Topic: Rural mobilities against social inertia in post-crisis Greece
Keywords: mobilities, migrants, quality of life, Greece
Since the early 1990s Greece was transformed from an emigration to an immigration country. During this time, the traditional flow of rural-to-urban migration was replaced by international migration coupled with counter-urbanization trends, contributing to new socioeconomic realities in rural Greece. Moreover, international migration has become an important aspect of local labour markets both in urban and rural areas of the country. However, since 2008 the economic recession has altered the socio-economic conditions in the country and deteriorated the integration prospects and challenges for migrants and natives. In the era of economic austerity, the various types of mobility are contested by social inertia in Greek rural areas.
Before the economic crisis the quality of life in rural areas prioritised living conditions over employment opportunities, but in the era of austerity it became more prevalent that living and working in rural areas should be seen in tandem. Along a number of issues such as employment opportunities, housing availability and conditions, education prospects, health services, etc. the local (permanent) population distinguishes its position from that of migrants and/ or refugees, thereby introducing new challenges for the future of rural areas.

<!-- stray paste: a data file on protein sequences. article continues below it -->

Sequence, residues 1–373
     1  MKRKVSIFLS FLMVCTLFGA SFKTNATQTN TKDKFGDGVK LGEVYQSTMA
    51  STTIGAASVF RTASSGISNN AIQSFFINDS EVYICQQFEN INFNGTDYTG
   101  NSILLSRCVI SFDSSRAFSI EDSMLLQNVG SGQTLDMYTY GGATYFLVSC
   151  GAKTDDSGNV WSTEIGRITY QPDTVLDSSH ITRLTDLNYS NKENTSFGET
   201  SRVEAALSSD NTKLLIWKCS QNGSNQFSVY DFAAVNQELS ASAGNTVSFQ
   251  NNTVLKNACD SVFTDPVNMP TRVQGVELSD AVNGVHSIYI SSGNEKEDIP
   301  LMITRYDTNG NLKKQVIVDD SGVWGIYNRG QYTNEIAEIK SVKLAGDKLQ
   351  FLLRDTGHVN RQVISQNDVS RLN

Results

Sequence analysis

Drawing from an empirical ongoing research in the context of the IMAJINE Project in Western Peloponnese in Greece, the paper aims at illustrating the complexity of mobilities that affect post – crisis rural Greece. By looking at the contested aspects of (im)mobility of locals and migrants living in the research area, the paper explores their individual and family strategies for social upgrading, improving their quality of life and/or competing for the same resources. Moreover, the analysis of the empirical findings sheds light on migrants’ perceptions and experiences regarding their quality of life and the way territorial inequalities affect their migration decisions. The paper argues that migrants’ decisions and strategies need to be seen in connection to local population expectations, in view of the new developments in rural areas and beyond the dominant debates of economic inequalities.
 The project “Integrative Mechanisms for Addressing Spatial Justice and Territorial Inequalities in Europe IMAJINE” has received funding from the European Union’s Horizon 2020 Research and Innovation Programme, under Grant Agreement No. 726950.